There are two important issues regarding women in Hamlet: how Hamlet sees women and women's social position. Hamlet's view of women is decidedly dark. In fact, the few times that Hamlet's pretend madness seems to veer into actual madness occur when he gets furious at women. Gertrude's marriage to Claudius has convinced Hamlet that women are untrustworthy, that their beauty is a cover for deceit and sexual desire. For Hamlet, women are living embodiments of appearance's corrupt effort to eclipse reality.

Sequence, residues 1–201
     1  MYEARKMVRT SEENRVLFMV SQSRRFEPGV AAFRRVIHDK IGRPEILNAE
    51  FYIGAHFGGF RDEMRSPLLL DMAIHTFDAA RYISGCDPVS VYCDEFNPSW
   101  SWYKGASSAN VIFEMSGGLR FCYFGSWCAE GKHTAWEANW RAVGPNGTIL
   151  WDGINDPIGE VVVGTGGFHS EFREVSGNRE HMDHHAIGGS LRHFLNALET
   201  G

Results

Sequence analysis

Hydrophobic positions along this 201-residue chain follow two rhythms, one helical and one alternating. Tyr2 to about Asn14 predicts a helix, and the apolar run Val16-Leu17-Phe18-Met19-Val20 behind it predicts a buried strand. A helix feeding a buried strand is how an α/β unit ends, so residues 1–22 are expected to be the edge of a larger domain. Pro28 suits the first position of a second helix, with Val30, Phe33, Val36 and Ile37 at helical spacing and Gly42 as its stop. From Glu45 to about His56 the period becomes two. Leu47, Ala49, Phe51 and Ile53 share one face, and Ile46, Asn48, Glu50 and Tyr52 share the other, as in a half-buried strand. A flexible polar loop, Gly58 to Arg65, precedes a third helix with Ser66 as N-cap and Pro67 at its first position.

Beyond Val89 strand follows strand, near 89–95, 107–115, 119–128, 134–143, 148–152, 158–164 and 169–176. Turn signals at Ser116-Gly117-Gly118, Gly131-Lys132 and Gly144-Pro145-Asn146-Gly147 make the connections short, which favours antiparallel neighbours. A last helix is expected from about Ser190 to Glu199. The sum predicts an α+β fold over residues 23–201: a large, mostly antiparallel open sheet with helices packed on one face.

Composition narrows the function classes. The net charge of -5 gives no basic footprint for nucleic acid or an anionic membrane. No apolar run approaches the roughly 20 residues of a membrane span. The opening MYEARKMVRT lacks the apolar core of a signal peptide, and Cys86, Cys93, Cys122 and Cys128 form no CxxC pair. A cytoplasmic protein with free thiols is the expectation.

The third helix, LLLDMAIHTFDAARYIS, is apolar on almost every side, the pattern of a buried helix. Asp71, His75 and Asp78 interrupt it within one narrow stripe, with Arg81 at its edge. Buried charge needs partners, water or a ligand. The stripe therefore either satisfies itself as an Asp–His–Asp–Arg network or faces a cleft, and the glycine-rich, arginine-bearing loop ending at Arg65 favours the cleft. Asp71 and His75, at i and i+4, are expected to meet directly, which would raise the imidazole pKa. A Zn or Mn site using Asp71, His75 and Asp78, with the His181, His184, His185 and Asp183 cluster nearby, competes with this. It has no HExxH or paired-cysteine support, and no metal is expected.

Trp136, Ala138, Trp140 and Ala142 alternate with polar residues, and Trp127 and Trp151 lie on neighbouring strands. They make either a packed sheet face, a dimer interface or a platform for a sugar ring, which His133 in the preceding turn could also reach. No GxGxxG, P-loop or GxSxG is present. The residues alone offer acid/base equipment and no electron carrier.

As for women's social position, its defining characteristic is powerlessness. Gertrude's quick marriage to Claudius, though immoral, is also her only way to maintain her status. Ophelia has even fewer options. While Hamlet waits to seek revenge for his father's death, Ophelia, as a woman, can't act—all she can do is wait for Laertes to return and take his revenge. Ophelia's predicament is symbolic of women's position in general in Hamlet: they are completely dependent on men.